Friday, July 16, 2010

Sweet tea and mysteries...

This reflective post was recently featured on my blog, My Southern Heart....

My sisters, brothers-in-law, two of my nieces and I were sitting around the table after we finished lunch at my sister’s house in their small town in Mississippi. I was enjoying my second glass of sweet tea and the conversation that I would remember and miss when I returned home to Oregon. As I’ve shared with you before, I’m the youngest of four daughters…born when my parents were forty-one years old.

My parents bought a farm in the small village of Rena Lara, Mississippi, in 1935. I’ve always thought that I lived on that farm. I’ve heard the stories (I thought from my parents) that I had never been scared of the chickens and would march into the barn and tell them to “shoo”. I was told that I had wandered away from the farm and got stuck in the mud up to my little brown high tops at age two. It was my understanding that my big sisters had pulled me on the cotton sack as they “picked cotton”.

My sisters are 11 and 15 years older than I. My oldest sister passed away several years ago. SHE is the one who would have remembered all these little details. I sat down at the table with paper and pen and informed my family that we were going to do a “time-line” and to put their thinking caps on. An hour or so later, there was a very detailed timeline right there in front of me…a timeline that spelled out clearly that I had NEVER lived on that farm.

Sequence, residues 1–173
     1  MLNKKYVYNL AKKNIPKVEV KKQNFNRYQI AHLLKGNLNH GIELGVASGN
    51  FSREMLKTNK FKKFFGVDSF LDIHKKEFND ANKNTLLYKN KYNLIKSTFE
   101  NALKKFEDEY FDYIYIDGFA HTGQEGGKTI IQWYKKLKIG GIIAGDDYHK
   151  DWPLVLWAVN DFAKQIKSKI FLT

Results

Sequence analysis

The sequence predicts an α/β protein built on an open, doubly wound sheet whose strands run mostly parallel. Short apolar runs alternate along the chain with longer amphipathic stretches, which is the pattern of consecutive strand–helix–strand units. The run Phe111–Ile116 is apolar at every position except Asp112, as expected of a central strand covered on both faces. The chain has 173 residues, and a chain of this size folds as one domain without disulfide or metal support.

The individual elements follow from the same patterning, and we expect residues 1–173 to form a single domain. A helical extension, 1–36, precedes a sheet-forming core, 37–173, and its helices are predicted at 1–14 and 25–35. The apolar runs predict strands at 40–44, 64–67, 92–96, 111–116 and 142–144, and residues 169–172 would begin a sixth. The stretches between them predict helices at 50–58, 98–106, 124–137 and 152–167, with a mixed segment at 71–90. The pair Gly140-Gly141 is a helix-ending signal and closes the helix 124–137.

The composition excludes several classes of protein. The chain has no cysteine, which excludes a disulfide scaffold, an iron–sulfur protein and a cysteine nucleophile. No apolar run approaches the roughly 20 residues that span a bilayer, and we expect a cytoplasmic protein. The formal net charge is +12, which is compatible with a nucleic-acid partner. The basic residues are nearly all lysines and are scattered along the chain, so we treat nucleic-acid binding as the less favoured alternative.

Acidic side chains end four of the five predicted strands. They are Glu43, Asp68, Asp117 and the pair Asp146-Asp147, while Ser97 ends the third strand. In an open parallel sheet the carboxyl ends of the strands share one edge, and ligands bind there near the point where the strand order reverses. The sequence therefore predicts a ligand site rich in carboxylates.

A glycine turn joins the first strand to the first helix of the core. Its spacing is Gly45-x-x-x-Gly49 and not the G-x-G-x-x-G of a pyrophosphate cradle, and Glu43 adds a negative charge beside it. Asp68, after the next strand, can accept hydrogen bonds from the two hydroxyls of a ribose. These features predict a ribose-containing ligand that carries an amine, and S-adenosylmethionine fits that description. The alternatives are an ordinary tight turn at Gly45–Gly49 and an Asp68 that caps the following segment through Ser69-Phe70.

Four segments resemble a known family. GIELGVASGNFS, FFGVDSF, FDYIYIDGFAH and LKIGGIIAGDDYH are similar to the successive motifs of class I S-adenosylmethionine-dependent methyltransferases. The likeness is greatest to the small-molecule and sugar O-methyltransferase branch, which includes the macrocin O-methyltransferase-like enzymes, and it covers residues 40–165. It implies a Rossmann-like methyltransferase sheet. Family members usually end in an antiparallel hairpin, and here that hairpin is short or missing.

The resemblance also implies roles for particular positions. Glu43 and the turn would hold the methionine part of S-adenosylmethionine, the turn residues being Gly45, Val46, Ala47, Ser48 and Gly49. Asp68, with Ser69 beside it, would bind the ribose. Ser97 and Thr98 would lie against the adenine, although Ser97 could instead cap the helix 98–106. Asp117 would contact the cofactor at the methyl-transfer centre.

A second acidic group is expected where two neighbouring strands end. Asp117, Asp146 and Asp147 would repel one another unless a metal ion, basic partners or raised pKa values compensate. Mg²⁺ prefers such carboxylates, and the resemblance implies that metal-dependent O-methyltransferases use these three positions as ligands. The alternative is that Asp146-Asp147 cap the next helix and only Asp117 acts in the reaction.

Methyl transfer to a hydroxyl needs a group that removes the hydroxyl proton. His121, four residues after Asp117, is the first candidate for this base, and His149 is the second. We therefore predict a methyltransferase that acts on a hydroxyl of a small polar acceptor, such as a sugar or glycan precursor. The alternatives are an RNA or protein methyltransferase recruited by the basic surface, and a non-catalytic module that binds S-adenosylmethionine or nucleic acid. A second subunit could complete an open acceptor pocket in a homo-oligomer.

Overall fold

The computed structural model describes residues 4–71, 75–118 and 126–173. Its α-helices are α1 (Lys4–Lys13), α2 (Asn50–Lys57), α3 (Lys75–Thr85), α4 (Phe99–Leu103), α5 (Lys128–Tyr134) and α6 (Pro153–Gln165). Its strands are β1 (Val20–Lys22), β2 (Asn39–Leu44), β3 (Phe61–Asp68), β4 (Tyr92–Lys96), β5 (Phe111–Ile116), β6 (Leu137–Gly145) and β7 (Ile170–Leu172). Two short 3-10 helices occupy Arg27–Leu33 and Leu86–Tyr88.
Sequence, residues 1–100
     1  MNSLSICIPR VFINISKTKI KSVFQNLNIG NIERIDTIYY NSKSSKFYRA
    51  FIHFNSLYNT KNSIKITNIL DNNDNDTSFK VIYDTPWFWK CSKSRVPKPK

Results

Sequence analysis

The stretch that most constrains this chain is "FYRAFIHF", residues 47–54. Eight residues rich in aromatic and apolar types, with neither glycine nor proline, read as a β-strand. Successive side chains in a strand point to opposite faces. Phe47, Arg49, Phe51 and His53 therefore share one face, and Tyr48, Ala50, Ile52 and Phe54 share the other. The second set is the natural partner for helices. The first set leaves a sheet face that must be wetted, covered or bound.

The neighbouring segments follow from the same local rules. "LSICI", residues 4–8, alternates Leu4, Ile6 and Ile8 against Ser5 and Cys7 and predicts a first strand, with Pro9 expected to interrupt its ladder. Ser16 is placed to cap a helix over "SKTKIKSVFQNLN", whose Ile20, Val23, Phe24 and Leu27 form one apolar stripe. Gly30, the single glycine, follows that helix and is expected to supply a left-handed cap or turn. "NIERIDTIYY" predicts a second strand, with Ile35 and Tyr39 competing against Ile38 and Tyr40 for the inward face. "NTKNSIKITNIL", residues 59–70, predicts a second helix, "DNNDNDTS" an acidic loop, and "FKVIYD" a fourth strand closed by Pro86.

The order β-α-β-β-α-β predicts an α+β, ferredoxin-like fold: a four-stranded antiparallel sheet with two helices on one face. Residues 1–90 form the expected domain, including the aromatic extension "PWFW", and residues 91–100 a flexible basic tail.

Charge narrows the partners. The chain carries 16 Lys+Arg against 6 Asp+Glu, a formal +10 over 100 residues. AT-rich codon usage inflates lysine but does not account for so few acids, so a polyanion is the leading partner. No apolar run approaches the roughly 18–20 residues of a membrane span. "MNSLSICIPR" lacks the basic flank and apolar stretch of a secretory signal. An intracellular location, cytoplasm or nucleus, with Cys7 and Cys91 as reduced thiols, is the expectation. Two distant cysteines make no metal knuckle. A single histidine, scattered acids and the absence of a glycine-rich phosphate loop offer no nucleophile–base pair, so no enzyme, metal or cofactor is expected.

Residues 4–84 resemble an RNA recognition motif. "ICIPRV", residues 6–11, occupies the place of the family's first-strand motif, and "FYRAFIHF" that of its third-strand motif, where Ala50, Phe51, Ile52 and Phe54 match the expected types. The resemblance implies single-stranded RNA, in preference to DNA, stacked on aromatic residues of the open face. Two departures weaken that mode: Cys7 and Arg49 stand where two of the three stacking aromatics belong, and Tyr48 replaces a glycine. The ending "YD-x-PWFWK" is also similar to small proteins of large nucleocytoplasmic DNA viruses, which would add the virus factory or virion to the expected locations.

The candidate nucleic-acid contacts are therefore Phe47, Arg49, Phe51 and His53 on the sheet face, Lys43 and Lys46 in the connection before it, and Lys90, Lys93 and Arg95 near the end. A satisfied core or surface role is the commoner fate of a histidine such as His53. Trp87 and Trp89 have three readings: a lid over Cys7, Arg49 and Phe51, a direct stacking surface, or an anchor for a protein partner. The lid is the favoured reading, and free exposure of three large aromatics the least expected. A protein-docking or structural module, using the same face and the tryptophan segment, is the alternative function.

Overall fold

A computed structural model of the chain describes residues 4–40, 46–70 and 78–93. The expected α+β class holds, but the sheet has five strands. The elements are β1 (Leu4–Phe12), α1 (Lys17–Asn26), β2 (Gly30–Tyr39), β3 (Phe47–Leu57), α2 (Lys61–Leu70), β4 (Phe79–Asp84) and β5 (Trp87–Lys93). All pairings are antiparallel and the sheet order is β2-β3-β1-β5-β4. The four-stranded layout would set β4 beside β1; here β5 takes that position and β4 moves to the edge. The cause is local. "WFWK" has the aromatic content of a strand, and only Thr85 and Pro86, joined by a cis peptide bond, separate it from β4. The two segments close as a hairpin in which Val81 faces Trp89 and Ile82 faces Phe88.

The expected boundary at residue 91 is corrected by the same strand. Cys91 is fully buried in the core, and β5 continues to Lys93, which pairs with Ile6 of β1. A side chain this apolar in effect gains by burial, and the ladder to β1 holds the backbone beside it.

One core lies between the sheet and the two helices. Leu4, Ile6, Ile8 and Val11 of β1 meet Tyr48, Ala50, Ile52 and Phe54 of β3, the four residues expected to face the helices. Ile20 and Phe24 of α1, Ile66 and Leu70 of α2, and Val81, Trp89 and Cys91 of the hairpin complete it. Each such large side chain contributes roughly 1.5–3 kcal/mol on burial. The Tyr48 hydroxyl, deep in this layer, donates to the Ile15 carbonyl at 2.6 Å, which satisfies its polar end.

Evidently, all those stories really pertained to the sister who is eleven years older than I. Maybe my parents memories were a little fuzzy. Maybe they just didn’t want me to feel “left out”. I don’t know. They sold the farm in 1945 and moved to Clarksdale, MS., where I was born. My sister remembers pushing me in the stroller on the sidewalks of Clarksdale. There were no sidewalks on the farm. My niece Sharon was born in Clarksdale in September 1948. Not long after that, we moved to Memphis, Tennessee. I was almost three years old.

And so, for now, I have a bit of an identity crisis. For 64 years, I’ve thought that…at one time in my life…I was a farm girl. I rather enjoyed that picture. Me with the chickens, horses, cows and the big cotton fields. Evidently, it just didn’t happen.

Maybe it makes the fact I live on a farm now even more special…

1 comment:

  1. The more we get into genealogy, the more we find out some of the family stories aren't true or are stretched quite a bit. I'm glad you finally got to live on a farm.